Renewables cover 56% of Germany’s electricity needs in first quarter of 2024

An offshore wind farm near Germany
A wind farm off the German coast. Photo: Per Bjorkdahl/Dreamstime

Renewable energy technologies covered 56% Germany’s electricity needs in the first quarter of 2024, according to preliminary calculations by clean energy research group ZSW and utility association BDEW. That’s up from 50% in the same three months of 2023.

The increase came as wind and solar installations advanced and hydropower output recovered, and after Germany shut its last nuclear power plant in April 2023.

The country installed another 3.7GW of solar PV in the first quarter, up from 2.7GW a year before, according to the Federal Network Agency (Bundesnetzagentur).

“The steadily increasing share of renewable energy in electricity consumption shows that we are on the right track,” Kerstin Andreae, BDEW chair, said in a statement. But much still needs to be done to meet Germany’s power-sector decarbonisation plans, such as expanding the transmission grid, Andreae said.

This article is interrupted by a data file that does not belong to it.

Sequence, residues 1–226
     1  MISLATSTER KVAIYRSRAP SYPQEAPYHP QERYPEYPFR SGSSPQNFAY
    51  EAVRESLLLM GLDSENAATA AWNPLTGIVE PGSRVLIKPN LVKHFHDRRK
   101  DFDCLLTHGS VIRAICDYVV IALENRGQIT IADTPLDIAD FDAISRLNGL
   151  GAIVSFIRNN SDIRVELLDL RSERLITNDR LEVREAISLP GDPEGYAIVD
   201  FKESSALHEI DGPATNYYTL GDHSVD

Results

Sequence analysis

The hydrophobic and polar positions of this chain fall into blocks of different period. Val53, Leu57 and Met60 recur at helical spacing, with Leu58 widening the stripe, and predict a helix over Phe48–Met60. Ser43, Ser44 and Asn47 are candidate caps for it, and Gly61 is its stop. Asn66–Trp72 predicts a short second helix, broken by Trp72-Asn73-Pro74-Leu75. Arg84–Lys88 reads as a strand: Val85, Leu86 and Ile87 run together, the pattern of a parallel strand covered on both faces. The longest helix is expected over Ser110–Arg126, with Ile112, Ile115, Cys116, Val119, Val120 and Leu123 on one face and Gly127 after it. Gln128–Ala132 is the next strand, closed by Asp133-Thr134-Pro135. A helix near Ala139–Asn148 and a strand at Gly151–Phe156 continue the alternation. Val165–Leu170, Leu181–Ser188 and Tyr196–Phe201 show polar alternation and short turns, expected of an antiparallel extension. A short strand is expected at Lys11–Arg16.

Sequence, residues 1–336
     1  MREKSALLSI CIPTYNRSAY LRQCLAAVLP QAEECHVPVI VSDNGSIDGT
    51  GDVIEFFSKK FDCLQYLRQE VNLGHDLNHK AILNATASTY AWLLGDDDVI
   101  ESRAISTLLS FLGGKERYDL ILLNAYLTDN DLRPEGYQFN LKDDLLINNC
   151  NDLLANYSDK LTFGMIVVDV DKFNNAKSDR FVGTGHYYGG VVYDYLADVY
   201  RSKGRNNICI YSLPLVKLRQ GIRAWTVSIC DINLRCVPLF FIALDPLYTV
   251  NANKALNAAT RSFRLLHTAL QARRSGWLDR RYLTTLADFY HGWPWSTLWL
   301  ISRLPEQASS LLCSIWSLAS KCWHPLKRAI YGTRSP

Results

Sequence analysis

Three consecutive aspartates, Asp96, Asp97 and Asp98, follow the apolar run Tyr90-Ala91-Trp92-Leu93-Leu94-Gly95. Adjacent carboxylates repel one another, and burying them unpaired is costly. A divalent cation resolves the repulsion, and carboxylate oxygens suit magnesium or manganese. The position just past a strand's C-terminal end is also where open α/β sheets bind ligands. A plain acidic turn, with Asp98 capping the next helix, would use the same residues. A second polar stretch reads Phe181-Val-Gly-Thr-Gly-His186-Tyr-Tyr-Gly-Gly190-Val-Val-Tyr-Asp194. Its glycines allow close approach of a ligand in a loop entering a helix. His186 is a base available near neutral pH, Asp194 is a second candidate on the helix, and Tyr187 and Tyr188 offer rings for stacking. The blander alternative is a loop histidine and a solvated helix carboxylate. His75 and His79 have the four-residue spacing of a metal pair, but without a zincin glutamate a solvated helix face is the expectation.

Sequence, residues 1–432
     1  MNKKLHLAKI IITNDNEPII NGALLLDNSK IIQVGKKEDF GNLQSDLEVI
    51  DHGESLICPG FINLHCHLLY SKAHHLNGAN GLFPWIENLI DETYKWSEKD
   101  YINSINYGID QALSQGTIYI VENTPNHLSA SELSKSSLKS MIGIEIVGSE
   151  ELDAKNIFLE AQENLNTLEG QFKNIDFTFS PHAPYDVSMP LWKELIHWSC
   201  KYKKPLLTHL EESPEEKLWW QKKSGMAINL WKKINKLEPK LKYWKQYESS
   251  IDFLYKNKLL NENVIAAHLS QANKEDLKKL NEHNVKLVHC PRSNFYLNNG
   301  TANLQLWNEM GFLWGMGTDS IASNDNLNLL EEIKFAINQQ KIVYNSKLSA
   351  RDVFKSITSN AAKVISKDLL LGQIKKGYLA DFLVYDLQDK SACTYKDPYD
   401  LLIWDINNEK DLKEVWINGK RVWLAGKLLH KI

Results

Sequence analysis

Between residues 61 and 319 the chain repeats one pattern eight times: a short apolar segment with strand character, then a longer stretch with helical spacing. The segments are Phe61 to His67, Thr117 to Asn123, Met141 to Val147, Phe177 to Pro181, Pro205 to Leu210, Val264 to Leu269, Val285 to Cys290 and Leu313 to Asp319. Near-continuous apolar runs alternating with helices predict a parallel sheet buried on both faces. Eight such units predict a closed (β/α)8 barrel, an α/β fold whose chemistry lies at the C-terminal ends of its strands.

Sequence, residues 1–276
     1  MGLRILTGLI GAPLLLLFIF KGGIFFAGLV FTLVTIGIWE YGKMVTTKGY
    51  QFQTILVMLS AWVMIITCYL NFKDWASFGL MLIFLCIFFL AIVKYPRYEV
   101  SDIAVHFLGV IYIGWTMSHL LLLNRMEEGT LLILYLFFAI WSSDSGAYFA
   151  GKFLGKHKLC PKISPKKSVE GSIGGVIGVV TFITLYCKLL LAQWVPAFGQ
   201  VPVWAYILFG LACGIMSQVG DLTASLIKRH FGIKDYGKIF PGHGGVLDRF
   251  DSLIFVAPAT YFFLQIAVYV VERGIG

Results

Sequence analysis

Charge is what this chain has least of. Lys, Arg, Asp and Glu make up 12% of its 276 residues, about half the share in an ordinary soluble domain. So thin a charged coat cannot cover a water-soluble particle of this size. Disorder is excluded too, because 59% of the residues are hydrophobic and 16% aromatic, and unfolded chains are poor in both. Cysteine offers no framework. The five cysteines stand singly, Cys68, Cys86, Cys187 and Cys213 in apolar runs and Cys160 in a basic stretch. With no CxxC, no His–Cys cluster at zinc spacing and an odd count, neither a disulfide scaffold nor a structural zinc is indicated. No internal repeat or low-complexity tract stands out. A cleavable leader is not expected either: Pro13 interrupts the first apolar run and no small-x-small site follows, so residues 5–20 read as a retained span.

Frithjof Staiß, managing director of ZSW, said shifting to a 100% low-carbon grid by 2035 requires “integrated infrastructure planning for electricity and hydrogen” and strong implementation processes.

“The implementation of the hydrogen core network could be significantly delayed if the financing conditions agreed cannot sufficiently activate a private sector chapter,” Staiß warned.

The government aims to get to 80% renewable power by 2030. Among other things, the country will need to get to 215GW of installed solar PV capacity by the end of the decade, from 86.2GW currently, according to the state’s energy strategy.


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